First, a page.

Insurers Are Betting on Data as Their Competitive Advantage
October 08, 2015 by Lauren Yildirim
Tuesday wrapped up our final day at the Insurance Analytics Symposium hosted by Insurance Networking News, and we’re excited to share a recap of what we learned at the conference!
If there’s one common theme we took away from the Symposium, it’s that insurers are betting on data as their competitive advantage.
From improving the customer experience to reducing risk and better detecting fraud, insurers are using customer data to drive an advantage over their competitors and new entrants to the industry. Specifically, insurers are making significant investments in technology to facilitate better access to new and old data sources.
Insurers are continuing to look for more ways to leverage their arsenal of new and old data to drive major process improvements. For example:
- Allstate is partnering with Rogers Smart Home to collect IoT data to better monitor the homes of their policyholders and prevent property damage.
- John Hancock is leveraging customer data collected via Fitbits to drive a better experience and lower premiums for their customers.
- EagleView Technologies is using drones to help insurers gather more accurate data for property claims.
While insurers are excited to take advantage of new data streams made available through wearables, telematics and even drones, they’re also looking to unlock historical data that remains trapped in legacy systems or on paper archives. For example, over the next few years, New York Life plans to invest heavily in technologies that can help them unlock data from four key sources, including their historical data that remains trapped on paper.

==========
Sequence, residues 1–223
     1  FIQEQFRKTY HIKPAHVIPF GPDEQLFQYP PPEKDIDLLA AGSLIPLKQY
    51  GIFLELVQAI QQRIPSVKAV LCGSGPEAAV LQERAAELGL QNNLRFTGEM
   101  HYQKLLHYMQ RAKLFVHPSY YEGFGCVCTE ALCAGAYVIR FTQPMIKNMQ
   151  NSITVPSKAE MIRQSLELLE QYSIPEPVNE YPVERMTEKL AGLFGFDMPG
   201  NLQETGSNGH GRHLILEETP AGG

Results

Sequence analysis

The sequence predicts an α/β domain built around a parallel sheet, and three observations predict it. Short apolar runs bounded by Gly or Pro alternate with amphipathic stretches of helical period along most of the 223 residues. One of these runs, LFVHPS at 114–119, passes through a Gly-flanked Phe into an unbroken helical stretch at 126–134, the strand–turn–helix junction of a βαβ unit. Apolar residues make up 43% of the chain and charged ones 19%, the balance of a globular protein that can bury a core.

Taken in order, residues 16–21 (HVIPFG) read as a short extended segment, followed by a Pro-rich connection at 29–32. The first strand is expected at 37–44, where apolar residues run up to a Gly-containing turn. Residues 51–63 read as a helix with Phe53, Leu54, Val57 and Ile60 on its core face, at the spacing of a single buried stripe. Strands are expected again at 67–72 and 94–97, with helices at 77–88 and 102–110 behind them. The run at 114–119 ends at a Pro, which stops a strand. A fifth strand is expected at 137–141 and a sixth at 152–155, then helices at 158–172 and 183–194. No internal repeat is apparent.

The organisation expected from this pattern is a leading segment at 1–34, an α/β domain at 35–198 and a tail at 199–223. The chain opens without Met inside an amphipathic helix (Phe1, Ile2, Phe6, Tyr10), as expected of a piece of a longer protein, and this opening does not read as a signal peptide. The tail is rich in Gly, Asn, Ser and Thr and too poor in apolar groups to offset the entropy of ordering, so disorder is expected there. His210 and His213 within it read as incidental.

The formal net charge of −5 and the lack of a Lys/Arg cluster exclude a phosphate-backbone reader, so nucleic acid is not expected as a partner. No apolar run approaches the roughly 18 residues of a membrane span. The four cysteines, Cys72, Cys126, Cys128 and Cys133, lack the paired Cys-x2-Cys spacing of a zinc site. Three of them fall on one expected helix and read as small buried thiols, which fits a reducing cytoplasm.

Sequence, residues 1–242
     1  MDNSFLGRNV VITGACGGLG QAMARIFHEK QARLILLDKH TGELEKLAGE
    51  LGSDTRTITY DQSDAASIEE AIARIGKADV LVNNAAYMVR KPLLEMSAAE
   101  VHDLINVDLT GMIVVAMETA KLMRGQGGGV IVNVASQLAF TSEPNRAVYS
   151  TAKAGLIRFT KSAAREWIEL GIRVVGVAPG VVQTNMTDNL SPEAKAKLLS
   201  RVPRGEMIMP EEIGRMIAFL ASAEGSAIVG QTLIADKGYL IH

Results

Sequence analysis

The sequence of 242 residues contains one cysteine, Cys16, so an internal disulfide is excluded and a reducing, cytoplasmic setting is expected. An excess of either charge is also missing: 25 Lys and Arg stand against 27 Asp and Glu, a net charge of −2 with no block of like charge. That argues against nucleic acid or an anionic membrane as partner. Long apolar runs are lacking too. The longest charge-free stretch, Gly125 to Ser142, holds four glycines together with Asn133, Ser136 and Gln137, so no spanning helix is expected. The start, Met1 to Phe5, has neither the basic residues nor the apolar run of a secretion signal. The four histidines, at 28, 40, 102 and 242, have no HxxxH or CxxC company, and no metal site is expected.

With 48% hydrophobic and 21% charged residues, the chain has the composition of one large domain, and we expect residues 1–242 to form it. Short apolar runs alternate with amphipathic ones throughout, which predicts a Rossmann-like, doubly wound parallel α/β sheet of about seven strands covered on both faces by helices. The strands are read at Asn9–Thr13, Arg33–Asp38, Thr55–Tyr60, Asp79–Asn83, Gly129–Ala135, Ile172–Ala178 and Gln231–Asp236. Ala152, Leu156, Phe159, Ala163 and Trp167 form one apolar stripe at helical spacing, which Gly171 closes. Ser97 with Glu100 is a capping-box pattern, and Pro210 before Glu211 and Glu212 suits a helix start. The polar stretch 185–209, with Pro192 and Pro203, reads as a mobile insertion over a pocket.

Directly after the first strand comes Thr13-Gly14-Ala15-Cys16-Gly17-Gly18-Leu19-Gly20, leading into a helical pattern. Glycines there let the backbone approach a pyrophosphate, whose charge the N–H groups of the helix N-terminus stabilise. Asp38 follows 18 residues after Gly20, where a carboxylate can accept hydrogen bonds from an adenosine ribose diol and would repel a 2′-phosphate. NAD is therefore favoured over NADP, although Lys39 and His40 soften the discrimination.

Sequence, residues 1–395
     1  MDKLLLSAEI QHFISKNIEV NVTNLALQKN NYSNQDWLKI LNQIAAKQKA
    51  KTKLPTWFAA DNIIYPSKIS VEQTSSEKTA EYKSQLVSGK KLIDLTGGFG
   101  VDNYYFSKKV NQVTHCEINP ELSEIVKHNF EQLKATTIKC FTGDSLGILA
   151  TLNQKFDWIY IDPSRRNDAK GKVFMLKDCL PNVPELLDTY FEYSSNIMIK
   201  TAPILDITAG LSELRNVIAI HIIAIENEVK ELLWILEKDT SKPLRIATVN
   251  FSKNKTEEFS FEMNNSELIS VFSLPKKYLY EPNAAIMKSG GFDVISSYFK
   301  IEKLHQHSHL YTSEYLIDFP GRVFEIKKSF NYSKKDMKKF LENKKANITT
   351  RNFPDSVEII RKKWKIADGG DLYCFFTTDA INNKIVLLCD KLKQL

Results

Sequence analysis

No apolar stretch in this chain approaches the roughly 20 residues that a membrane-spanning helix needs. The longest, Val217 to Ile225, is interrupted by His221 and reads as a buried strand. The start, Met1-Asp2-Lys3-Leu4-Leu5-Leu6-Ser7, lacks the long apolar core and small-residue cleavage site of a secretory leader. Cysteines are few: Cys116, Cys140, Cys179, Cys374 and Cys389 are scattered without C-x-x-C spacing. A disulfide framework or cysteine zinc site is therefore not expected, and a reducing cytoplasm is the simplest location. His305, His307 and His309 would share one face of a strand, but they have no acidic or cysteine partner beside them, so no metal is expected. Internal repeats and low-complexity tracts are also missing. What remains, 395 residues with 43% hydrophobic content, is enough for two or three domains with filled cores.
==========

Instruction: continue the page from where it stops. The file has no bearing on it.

Corporate Vice President, Ed Walsh, discussed how the ability to pull in historical data from legacy death certificates and other documents will allow New York Like to gather deeper insights that will help them better determine true causes of death. With this data, they’ll be able to better understand death patterns over time to help inform their future underwriting practices. For example, they’ll be able to drive better predictive analytics once they get a firmer grasp on how certain occupations and ethnicities correlate to cause of death over time.
Once accessed, these new sources of data can undoubtedly help insurers drive new products, break into resistant markets and provide a better customer experience. However, the challenge and opportunity for insurers also lies in being able to integrate new streams of data with existing datasets.
One thing’s clear, data and technology are the catalysts driving change across all areas of the insurance business and those who are best able to leverage their data will be set up to deliver the next generation of insurance products and services.
Want to learn more about how insurance companies are leveraging big data to change the way they do business? Read this whitepaper: Bringing Big Data to Life for Insurance.